I like Handel’s The Messaiah as performed by nearly any church, and I enjoy everything put out by the Mormon Tabernacle Choir. If you promise me good singing, I’ll go with you to midnight mass, Christmas eve service, Hannukah Lights, Festivus, or anything else you might be celebrating.
Directly related to the love of carols, and really a derivative of it, I love The Nutcracker. Tchaikovsky is a favorite composer anyway. If they had given out Grammy Awards in the 19th century, he would have clearly received one for “Best Use of Cannons in a Non-Murderous Role” for The 1812 Overture”. Nutcracker is special though, because Mom (who hated driving downtown for anything) took me to see the ballet the year I turned five. (She did not actually drive. Jenny’s Mom, Bug, was willing, so I also got to see the show with my best friend.) Vastly pregnant with my sister, Mom still waddled down with me to look into the orchestra pit at intermission.
At home, we had a four record set that we only set under needle with great care. My favorite music came from the tail end of the first act and the middle of the second act. I loved the Snow Fairy scene, with its eerie voices, the Chinese Dancers , and the Russian Dancers (Trépak). Because it was Christmas music, we only got it out once a year, and I treasured it.
Several years ago, when a little girl I used to babysit was a Ginger Girl in Cincinnati’s production, I drove up from Lexington to see her. More recently, Caroline started taking ballet. I initially didn’t realize that kids at The Montgomery Ballet’s school can try out for the city production of The Nutcracker. But last year, I learned. I presented the opportunity to Caroline tentatively. I didn’t want to either push or hold back something she might love.
I said, “Are you interested? You wouldn’t necessarily be cast just because…”
“You should try to enjoy the tryout for its own…”
And that was pretty much the end of the conversation. I took her to the studio at the appointed time, and to my surprise, she was cast. The ballet didn’t notify us. They assumed our elated children would come home and tell us about it. Caroline missed the first rehearsal because she hadn’t bothered to mention it at home, even though she was thrilled to be an angel. (They’re the opening scene of Act II, and not all ballets play it with angels.) (Note to Asperger’s Syndrome: Please quit fucking with me this way.) We had another round of the ‘are you interested’ conversation, it went about the same as the first, and she missed no further rehearsals.
I later learned that under a certain age, pretty much every kid who tries out gets a part, because this ballet company needs lots of children. Montgomery isn’t a big city with a lot of professional dancers to fill out the cast. The choreography always calls for copious numbers of small people as everything from party girls, to soldiers, to angels, to polichinelles (Ginger girls). (Caroline already has her heart set on being a poli next year. Though I think she’d be happy with angel every year for the rest of her life.)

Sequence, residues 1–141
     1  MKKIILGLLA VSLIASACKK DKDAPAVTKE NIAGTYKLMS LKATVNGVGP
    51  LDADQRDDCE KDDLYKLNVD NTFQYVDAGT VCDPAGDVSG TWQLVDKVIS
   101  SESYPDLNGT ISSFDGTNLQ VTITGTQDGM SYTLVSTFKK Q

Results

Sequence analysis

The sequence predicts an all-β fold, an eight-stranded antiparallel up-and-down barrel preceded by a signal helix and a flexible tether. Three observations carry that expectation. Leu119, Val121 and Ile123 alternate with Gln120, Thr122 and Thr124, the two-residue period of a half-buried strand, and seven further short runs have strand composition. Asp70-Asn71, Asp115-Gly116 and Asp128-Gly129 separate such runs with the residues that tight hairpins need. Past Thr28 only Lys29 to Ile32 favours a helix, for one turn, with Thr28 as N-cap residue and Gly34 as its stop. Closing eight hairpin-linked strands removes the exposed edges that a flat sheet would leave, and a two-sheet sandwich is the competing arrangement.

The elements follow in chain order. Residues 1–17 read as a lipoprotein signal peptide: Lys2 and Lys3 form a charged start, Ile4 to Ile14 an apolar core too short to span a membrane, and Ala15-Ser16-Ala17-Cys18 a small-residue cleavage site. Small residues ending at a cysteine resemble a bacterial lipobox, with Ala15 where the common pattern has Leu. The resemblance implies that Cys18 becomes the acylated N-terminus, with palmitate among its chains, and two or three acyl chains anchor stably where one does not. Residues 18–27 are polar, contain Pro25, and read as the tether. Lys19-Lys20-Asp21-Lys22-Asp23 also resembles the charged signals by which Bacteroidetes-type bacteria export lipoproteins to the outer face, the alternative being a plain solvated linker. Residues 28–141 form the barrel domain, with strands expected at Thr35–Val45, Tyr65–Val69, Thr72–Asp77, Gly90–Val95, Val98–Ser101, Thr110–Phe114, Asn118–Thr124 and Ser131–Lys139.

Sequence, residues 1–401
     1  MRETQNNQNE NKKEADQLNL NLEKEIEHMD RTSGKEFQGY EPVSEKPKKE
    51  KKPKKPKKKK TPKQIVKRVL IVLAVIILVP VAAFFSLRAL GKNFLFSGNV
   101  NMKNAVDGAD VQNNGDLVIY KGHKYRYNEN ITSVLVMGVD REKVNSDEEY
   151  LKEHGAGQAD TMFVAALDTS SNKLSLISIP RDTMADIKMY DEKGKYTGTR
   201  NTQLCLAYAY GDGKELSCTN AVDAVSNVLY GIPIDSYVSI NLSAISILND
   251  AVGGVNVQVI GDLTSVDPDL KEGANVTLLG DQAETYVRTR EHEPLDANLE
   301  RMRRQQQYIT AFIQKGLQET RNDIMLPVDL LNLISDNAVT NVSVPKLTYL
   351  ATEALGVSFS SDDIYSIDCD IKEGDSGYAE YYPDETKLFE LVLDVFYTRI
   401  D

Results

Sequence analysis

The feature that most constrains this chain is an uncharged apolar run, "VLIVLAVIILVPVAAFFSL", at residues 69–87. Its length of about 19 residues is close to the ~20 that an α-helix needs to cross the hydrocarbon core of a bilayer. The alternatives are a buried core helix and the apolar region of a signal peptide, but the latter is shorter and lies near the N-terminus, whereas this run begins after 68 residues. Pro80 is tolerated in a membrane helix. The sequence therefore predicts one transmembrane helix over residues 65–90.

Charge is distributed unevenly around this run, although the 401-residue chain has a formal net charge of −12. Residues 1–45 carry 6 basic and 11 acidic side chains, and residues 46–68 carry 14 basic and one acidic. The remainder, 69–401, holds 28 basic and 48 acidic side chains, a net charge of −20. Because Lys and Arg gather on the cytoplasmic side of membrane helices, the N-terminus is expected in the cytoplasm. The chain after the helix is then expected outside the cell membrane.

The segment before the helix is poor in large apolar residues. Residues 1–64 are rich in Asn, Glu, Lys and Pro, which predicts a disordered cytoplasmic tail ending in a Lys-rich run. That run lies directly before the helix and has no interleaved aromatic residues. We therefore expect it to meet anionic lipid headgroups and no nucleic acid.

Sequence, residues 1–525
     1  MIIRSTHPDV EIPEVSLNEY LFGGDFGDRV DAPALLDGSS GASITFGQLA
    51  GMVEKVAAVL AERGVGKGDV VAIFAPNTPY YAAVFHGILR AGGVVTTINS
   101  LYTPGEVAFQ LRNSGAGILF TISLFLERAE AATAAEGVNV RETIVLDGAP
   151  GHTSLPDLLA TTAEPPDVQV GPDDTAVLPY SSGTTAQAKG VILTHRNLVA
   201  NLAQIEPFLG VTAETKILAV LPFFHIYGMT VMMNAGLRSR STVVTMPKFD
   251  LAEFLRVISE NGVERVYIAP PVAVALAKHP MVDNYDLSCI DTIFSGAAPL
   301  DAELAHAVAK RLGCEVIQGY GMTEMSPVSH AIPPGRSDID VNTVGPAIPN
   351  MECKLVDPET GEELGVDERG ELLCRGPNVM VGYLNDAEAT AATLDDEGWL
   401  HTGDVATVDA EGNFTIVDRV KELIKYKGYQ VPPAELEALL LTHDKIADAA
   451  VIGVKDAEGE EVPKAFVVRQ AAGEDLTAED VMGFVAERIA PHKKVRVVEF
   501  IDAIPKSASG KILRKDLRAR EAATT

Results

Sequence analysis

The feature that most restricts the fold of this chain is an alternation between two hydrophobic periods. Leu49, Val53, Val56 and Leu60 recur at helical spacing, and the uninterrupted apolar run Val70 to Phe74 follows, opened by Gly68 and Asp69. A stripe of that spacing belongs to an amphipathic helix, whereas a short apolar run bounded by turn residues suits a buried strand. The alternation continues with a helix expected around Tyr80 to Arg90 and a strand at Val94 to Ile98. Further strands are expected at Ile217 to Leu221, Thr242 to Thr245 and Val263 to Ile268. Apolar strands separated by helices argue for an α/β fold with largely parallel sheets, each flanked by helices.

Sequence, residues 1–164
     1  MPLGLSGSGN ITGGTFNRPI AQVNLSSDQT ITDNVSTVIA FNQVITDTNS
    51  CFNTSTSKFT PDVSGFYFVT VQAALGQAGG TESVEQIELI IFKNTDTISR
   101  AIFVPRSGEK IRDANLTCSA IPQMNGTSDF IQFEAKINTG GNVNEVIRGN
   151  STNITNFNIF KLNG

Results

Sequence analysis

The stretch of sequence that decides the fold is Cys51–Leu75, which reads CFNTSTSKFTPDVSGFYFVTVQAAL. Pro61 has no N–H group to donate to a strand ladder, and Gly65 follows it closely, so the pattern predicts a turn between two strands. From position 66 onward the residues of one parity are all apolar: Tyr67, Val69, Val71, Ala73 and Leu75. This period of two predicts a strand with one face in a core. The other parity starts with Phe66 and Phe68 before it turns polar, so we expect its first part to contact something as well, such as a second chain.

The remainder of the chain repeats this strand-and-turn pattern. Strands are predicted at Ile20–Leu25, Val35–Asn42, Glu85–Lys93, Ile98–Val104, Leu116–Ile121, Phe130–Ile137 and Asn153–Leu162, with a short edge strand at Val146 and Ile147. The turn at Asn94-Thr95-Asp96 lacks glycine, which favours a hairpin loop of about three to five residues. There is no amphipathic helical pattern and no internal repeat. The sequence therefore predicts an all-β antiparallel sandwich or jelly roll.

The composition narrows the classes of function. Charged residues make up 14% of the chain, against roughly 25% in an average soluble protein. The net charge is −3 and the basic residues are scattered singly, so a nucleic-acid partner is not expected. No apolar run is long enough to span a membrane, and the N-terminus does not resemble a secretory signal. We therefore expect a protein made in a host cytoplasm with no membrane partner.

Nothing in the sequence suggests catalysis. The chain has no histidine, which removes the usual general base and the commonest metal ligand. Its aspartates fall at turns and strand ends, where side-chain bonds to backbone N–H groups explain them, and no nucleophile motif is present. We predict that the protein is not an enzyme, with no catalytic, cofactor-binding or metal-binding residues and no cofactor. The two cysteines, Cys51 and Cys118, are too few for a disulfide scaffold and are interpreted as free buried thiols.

She loved it. I loved it. There were two casts, Caroline came with me to watch the show one night when she didn’t perform, and then I watched it again every night when she did. All told, I saw The Nutcracker five times last year. Bliss.
However, due to disorganization and internal squabbling, I never got a picture of Caroline in costume. The angels had a pretty complicated little dance, and I would have liked something to commemorate it.
This year, the internal squabbling blew up into an outright rift, artistic director Elie Lazar left to go be a professor at Troy University, and, aside from the infighting, a couple of professional dancers moved on to new posts. The company had to scramble to get together some choreography and extra adult dancers to put on a Nutcracker at all. (It’s the ballet’s cash cow, really it’s only cash cow, so there was no question of its fate. Just a scramble to get it done.) In the end, there was only a one weekend run (it usually lasts for two weeks) with a single cast (not two casts like in years past).
Caroline was cast once more as an angel, and this year I got bold. Scott’s Mom came down to see her granddaughter in the production. (Naturally, we gave her the flu. Sorry Betty.) Scott ushered for two shows, I ushered for two shows (we overlapped when Betty watched Sam so Scott and I could see Caroline together for a performance), and for the final show, I volunteered to work downstairs with the kids, hauling along my oh so forbidden camera like a jet-pack on my hip.
So, not only did I get the joy of watching my little girl dance in my own favorite ballet, I got the bloody evidence.
And now, as a final note, I will leave you with this image. A ballerina should never wear panties beneath her tights. The lines are visible to the audience. Caroline doesn’t. Many of the other kids do, because they freak out at the thought of going commando, even in layers. Ballerinas’ modesty is protected by their leotards. But when you see a danseur up there on stage, please consider that those thin little costumes that don’t leave much to the imagination are leaving even fewer empty spaces for you to fill in than you might have previously considered.
That is all.
Jessie Powell is the Jester Queen. She likes to tell you about her dog, her kids, her fiction, and her blog, but not necessarily in that order.